Security is a long-standing topic in the world of crypto, and this latest story proves it’s not likely to let up anytime soon. The cryptocurrency loan startup You Hodler is being reprimanded for allegedly exposing hundreds to thousands of credit card numbers for nearly a month without the security of a password.

 Why Didn’t You Hodler Take Greater Precautions?

Customers who provided financial information to the company did so through an unprotected server, meaning their information was vulnerable – at least temporarily – to hackers and other malicious actors looking to get their hands around unmarked data. You Hodler claims to have provided more than $10 million in cryptocurrency loan funds thus far to nearly 4,000 customers.

Once it was discovered that the data was being leaked, executives went offline to prevent any further information from being exposed but by that time, several weeks had gone by, and there’s no telling who may have been compromised in the process. It is estimated that as many as 86 million lines of credit and financial data streams were housed on the site including information regarding every loan that ever went through.

Researchers who went through the site ultimately exclaimed that they had found enough data available to hackers for them to commit fraudulent transactions including full names, credit card numbers and verification numbers (CVVs), expiration dates and the amounts of past purchases. Researchers claim that none of the data had been encrypted.

In addition, several other records were pulled up such as banking data (including account and routing numbers), SWIFT codes and the addresses of all participating parties. Some of the records also included phone numbers and the passport numbers of those involved. At press time, it is alleged that You Hodler has secured all necessary data.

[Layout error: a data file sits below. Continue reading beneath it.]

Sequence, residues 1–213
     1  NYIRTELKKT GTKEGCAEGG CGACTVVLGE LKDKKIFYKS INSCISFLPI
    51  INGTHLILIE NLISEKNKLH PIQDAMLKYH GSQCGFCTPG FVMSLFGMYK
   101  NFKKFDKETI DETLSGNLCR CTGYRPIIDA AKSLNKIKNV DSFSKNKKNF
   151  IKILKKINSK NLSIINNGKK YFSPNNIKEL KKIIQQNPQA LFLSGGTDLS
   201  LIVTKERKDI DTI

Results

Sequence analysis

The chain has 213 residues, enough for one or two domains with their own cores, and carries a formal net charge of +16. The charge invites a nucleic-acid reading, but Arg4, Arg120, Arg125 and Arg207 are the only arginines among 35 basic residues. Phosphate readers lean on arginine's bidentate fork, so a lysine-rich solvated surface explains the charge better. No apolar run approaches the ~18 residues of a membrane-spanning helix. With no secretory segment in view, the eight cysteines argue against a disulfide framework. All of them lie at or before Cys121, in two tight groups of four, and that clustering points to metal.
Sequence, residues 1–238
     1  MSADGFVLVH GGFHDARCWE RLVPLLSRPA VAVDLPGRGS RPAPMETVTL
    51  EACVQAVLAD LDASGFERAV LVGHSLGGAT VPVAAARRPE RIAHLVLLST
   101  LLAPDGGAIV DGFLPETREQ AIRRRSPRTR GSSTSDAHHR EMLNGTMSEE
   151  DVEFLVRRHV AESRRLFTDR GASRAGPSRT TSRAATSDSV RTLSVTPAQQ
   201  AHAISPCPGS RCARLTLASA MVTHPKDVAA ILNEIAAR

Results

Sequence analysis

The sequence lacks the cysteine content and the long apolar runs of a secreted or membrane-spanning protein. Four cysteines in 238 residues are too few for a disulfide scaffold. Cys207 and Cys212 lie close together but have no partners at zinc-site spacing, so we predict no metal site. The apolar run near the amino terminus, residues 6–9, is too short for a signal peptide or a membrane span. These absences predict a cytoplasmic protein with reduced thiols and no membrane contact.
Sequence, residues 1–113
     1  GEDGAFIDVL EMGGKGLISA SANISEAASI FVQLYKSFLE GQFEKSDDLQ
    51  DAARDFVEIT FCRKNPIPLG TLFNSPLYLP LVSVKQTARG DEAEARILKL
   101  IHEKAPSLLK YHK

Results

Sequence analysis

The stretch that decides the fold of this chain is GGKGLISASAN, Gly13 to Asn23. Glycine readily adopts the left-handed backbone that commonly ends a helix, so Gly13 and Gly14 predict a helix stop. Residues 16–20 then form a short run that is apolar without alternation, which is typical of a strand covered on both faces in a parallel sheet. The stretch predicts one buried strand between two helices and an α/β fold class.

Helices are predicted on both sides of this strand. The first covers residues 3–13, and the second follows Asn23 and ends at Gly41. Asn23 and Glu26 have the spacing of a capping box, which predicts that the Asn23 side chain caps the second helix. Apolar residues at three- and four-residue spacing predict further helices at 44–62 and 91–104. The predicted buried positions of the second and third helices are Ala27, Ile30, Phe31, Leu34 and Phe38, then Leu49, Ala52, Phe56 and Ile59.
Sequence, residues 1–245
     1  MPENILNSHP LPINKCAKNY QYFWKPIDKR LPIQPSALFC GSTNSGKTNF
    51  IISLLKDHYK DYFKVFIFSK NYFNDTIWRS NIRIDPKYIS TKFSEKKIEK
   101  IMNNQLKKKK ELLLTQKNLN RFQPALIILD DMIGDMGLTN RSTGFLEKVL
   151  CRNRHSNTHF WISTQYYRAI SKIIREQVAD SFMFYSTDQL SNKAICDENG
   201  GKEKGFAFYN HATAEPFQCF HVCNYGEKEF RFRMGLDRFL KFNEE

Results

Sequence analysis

It is surprising that this kind of leak occurred considering the issues that arrive in the cryptocurrency space. Recently, a federal judge announced that he would allow a multi-million-dollar case to proceed against cell phone provider AT&T, as the company did not do enough to protect a user’s identity against hackers.

The culprit ultimately stole several million dollars-worth of crypto funds belonging to digital asset entrepreneur and investor Michael Terpin, who claims that his SIM card was “swapped out” with the aid of an AT&T employee who was bribed into giving the hacker his information.

 This Has Happened Before…

In addition, several other companies were discovered to have exposed their customers’ private data, including the Fortune 500 Tech Data. Several private messages and customer records were exposed recently through executives’ use of J Crush, a Jewish dating app, and through the cell network Freedom Mobile.

Other data leaks have also occurred through retail sites like Gearbest and Aavgo, which provided an “open forum” regarding former customers’ hotel stays.

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